For vaccine manufacturers, it’s a bonanza: Influenza shots — given every year, unlike many other vaccines — are a multibillion-dollar global business.

But how good are they?

Last month,, in a step tantamount to heresy in the public health world, scientists at the Center for Infectious Disease Research and Policy at the University of Minnesota released a report saying that influenza vaccinations provide only modest protection for healthy young and middle-age adults, and little if any protection for those 65 and older, who are most likely to succumb to the illness or its complications. Moreover, the report’s authors concluded, federal vaccination recommendations, which have expanded in recent years, are based on inadequate evidence and poorly executed studies.

“We have overpromoted and overhyped this vaccine,” said Michael T. Osterholm, director of the Center for Infectious Disease Research and Policy, as well as its Center of Excellence for Influenza Research and Surveillance. “It does not protect as promoted. It’s all a sales job: it’s all public relations.”

It’s my impression that it’s people over 65 to whom these vaccines have been most strongly promoted. And those are the folks who derive “little if any protection.”



Flaxseeds Help Hypertension

Great news from a study in Cuba presented at the meeting of the American Heart Association:

Adding flaxseed to the diets of patients with peripheral arterial disease (PAD) resulted in large drops in blood pressure (BP) of around 10 mm Hg systolic and 7 mm Hg diastolic after six months, according to the results of a double-blind, placebo-controlled study.

“This reduction of SBP and DBP after administration of dietary flaxseed is the largest decrease in BP ever shown by any dietary intervention,” said Dr Delfin Rodriguez (University Hospital Holguin, Cuba) speaking here today at the American Heart Association 2012 Scientific Sessions. Such reductions would be expected to result in around a 50% fall in the incidence of stroke and a 30% reduction in MI, he added.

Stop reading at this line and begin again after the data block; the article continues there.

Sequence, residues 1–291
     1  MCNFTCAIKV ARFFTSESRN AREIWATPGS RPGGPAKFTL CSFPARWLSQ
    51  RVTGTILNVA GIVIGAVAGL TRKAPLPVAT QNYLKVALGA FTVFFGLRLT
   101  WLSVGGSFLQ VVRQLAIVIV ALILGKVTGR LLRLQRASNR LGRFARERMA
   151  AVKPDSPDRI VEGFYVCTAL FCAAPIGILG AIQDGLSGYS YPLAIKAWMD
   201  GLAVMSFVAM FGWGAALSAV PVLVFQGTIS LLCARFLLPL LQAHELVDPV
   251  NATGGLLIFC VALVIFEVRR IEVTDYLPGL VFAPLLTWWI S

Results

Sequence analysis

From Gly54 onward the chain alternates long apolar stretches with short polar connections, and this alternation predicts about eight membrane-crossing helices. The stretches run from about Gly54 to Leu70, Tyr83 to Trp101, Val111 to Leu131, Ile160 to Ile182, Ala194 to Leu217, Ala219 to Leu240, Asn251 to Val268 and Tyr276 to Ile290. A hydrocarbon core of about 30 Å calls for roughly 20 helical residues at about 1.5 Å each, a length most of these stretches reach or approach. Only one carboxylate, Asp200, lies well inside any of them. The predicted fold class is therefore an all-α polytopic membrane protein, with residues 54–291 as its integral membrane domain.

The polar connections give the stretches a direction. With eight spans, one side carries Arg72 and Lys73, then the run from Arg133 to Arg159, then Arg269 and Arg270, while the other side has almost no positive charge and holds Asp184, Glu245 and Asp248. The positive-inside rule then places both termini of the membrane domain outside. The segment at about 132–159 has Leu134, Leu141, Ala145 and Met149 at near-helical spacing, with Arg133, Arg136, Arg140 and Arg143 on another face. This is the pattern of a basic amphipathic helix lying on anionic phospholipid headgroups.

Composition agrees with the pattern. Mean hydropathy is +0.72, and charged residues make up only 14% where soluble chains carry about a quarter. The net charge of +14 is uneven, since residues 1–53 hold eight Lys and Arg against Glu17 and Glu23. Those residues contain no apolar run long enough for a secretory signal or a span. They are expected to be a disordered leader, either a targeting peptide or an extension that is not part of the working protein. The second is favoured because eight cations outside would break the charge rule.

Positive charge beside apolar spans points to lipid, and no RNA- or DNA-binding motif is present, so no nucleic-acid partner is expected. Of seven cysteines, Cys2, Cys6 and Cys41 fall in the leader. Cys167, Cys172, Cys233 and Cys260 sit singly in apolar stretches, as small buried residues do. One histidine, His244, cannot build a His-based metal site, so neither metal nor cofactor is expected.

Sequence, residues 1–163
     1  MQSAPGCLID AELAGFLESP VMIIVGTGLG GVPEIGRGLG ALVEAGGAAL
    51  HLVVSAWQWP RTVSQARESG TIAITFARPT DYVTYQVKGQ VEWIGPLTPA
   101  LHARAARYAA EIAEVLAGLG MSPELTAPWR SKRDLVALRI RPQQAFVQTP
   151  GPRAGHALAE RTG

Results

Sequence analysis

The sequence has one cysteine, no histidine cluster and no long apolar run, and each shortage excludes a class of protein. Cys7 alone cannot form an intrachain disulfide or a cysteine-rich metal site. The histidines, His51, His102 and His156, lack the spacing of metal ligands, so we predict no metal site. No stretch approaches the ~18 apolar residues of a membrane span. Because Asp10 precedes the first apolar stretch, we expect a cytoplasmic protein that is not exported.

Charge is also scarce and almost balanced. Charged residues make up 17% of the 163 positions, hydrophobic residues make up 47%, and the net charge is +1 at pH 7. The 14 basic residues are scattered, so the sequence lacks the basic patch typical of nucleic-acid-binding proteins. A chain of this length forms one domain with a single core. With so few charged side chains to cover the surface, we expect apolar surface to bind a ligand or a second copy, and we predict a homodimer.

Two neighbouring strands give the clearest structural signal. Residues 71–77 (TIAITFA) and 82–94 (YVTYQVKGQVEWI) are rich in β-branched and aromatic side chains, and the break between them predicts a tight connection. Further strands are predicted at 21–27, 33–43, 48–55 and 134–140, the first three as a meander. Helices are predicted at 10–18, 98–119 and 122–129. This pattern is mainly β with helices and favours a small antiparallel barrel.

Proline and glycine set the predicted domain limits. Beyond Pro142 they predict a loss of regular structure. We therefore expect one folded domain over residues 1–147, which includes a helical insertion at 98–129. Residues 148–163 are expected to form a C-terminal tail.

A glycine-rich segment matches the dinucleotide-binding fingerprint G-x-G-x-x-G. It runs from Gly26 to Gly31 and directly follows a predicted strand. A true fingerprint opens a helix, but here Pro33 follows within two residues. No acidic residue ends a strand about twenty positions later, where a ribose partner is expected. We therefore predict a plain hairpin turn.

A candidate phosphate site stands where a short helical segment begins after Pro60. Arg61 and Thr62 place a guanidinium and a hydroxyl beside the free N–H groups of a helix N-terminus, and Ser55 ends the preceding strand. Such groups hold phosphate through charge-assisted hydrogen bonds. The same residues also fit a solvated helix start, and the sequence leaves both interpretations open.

Where the Affordable Care Act Goes from Here

Since the Supreme Court’s decision earlier this year declared the law to be constitutional, the next big hurdle was the November election. If Republicans had taken the White House, it would have been repealed. That’s not happening.

But what is happening? Here’s a helpful commentary from Christene Vessel in Health Affairs:

President Obama’s re-election puts the Affordable Care Act on firm ground for the first time since it was enacted. Now it is up to states to decide whether and how they want to participate.

At issue are two major decisions: whether states are willing and able to run their own health insurance exchanges, and whether they will consent to expanding their Medicaid programs to everyone with an income up to 133 percent of the federal poverty line, as envisioned in the law.

Most Democratic-led states are expected to fully participate in both, although some may seek flexibility. But among the 30 states that will be run by GOP governors starting next year, it is unclear how many will opt in. Many predict that the federal government’s offer of covering the full cost of the Medicaid expansion for the first three years, and 90 percent after that, will be too rich for states to refuse.